For any web developer that’s ever had to build a signup routine, email is the necessary evil that takes pride of place among hated activities. Sure, a simple call to the language’s mail library will send a message through, but the moment the boss wants a HTML email, or users need attachments, everything starts to get tricky. To top things off, automating testing of an email routine can be near impossible with the usual tools. Today we’ll look at some of the options for testing email routines in web applications.
The signup validation is the bane of a web application – despite disposable emails more and more common, site owners and sales staff continue to insist on tying an email address to every user. The validation email, a common task for web developers, can quickly take up far more development time than it involves user time. Making the process of building and maintaining email routines as efficient as possible is simple better for everybody.
The challenge is this: an email, once sent, is not actually sent. For example, when PHP’s mail() function returns true, it simply means that the message has been passed on to the system’s mail server and received succesfully. The actual email could be sent many hours later, or never at all.
Fakemail, from the creators of SimpleTest, is a mail server gateway of sorts, in that it replaces your local mail server for momentarily. When an email is sent on the machine, Fakemail will pick it up and divert it to a predictable location on the filesystem.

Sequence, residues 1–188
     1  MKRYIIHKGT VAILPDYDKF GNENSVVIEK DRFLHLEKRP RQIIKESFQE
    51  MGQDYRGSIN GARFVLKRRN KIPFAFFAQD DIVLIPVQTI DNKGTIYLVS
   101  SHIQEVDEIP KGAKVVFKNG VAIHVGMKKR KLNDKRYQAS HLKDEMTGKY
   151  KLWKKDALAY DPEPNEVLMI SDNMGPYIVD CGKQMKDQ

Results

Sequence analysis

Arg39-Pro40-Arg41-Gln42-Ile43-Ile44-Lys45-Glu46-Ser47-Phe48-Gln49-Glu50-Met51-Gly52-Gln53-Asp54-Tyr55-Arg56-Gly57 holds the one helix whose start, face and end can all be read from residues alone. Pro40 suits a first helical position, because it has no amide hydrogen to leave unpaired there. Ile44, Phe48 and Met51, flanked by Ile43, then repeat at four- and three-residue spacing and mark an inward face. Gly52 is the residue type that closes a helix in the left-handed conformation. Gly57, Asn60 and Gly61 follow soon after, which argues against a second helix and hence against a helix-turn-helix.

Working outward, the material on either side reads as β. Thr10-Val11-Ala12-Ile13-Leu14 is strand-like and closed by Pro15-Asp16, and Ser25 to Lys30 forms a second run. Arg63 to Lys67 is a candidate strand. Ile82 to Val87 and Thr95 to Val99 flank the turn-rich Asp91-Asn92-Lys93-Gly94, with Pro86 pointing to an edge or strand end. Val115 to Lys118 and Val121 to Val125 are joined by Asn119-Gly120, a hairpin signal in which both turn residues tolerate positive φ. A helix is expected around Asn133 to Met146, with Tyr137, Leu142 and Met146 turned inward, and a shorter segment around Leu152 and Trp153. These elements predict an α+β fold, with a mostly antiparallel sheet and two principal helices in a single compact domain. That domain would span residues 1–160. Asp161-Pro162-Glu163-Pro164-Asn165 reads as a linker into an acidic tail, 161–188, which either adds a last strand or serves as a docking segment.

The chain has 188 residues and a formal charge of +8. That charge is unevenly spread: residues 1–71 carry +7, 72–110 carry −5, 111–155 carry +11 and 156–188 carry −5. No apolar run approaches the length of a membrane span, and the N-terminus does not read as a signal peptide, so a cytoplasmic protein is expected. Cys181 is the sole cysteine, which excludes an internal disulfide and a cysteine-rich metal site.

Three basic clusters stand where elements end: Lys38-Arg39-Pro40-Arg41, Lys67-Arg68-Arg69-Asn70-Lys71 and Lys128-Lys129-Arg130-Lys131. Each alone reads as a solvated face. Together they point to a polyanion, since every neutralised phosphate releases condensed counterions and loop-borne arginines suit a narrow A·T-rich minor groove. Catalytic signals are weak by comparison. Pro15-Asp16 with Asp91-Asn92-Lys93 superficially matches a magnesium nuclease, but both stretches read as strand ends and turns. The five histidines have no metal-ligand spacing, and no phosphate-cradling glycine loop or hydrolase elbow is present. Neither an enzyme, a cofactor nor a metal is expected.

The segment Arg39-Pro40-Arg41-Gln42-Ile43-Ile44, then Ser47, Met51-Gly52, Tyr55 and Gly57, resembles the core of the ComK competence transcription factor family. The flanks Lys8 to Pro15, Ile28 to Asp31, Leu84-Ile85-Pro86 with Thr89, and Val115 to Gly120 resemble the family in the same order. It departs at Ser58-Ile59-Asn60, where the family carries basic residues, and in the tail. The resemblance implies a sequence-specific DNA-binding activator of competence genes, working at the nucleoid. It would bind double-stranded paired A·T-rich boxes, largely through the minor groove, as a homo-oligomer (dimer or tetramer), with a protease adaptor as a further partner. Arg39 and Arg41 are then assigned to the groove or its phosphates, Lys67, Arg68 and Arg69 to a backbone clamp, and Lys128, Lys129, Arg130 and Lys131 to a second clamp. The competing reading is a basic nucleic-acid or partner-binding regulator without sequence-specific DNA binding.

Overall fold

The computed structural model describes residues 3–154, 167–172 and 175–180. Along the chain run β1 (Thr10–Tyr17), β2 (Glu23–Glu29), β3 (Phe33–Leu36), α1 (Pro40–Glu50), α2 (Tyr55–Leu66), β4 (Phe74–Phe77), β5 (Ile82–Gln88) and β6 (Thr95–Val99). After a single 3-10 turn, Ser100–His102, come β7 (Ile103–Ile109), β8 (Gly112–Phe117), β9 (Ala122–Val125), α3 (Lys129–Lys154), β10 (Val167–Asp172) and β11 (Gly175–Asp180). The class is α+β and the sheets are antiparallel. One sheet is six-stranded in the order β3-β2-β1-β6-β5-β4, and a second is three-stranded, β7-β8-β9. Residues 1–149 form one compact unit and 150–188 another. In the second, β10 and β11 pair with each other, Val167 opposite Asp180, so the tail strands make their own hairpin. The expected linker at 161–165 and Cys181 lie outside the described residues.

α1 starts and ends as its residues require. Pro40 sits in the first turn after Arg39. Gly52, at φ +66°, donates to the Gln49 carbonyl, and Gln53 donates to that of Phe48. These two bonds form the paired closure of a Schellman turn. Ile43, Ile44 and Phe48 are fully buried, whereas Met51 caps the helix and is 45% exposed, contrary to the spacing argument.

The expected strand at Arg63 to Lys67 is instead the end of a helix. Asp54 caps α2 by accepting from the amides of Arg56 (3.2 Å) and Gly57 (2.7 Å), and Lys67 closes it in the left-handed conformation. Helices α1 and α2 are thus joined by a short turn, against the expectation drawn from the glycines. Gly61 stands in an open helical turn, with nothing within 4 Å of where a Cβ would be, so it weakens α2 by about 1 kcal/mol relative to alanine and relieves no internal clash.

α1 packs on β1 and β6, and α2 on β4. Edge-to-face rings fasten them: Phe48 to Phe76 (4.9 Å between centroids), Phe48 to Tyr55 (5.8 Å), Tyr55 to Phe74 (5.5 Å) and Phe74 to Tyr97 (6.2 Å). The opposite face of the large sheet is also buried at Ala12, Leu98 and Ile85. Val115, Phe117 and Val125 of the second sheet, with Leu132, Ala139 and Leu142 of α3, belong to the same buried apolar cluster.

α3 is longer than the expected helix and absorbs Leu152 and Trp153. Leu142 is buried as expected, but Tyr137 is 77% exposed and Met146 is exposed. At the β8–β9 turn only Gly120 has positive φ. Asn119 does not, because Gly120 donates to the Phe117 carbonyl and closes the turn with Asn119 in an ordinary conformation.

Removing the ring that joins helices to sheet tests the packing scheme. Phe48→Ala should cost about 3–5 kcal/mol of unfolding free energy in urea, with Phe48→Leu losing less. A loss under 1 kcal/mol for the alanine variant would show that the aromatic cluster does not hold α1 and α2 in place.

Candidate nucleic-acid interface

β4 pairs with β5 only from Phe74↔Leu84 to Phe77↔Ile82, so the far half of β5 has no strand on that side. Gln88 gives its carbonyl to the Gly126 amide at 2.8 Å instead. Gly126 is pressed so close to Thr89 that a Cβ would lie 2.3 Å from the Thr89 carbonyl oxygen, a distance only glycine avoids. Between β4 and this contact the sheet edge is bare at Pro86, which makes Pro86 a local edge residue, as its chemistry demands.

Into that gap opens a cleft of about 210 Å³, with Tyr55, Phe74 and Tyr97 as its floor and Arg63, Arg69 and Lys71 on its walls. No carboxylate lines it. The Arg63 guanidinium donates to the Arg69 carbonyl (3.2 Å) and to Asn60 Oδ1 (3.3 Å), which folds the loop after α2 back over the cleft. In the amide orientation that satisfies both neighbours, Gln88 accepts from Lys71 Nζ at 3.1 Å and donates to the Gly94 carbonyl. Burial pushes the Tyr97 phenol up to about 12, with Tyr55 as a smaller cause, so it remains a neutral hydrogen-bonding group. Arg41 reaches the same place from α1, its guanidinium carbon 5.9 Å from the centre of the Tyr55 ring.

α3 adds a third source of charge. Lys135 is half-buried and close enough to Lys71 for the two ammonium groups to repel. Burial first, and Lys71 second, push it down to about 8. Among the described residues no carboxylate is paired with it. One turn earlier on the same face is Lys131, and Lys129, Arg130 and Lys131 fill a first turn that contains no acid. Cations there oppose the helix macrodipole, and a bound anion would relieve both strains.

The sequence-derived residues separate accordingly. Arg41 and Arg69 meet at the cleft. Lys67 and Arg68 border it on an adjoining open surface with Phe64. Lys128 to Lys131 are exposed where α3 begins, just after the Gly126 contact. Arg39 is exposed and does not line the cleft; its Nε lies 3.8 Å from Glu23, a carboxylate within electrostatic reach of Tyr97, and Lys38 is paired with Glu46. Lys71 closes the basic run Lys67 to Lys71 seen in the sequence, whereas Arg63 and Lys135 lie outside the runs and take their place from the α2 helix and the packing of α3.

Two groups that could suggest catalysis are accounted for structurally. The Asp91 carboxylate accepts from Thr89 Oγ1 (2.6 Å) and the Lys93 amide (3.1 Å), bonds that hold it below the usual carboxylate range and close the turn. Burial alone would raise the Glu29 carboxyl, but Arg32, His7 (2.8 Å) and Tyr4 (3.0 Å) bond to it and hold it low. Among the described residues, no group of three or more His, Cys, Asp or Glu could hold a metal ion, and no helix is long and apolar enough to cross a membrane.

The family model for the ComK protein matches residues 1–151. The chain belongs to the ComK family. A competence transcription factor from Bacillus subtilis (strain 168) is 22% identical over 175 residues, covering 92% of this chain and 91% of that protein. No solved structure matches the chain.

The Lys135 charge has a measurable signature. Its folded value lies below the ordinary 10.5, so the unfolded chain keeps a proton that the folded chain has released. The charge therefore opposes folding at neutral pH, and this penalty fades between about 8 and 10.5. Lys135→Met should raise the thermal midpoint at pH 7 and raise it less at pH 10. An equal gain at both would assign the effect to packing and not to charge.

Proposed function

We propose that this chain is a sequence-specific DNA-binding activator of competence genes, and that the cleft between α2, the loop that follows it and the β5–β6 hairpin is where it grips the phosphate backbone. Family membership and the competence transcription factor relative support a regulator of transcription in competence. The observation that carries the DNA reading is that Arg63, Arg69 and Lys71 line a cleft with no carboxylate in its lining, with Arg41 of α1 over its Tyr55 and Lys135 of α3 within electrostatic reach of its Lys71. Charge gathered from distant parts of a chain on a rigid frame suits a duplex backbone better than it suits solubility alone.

We can then create reliable email systems in three easy steps:
1. Build a single, common email routine for the application
2. Run the email routine during build tests
3. Check the email was sent
Building a common email routine
This is the single most important factor. As your email routines grow in complexity beyond a single call to a native language API, it’s important that all your email routines use the same final message sending code, if not exactly the same emailing system altogether. For PHP, I recommend the PEAR mailing classes.
Run the email routine during build tests
Use Phing to automate your build process, if only to make sure you run your unit tests every time. Then use SimpleTest or PHPUnit (or even Selenium) to start Fakemail and then run the signup (or similar) routine, causing an email to be sent.
Check the email was sent
Finally, use a unit test or other server-side script to verify that the email was sent: assert that Fakemail created a particular file e.g. email@example.com will be created for the first email sent to templaterecipient@localhost.
Fakemail coexists happily with unit testing; in fact, the project website offers sample code for SimpleTest, useful for PHP developers. A similar routine in other web stacks should be fairly trivial to setup; the SimpleTest unit test is barely 20 lines long.
Testing email is not hard, and it can save a lot of stress later. To get started with Fakemail, just check out the extensive tutorial on the project page.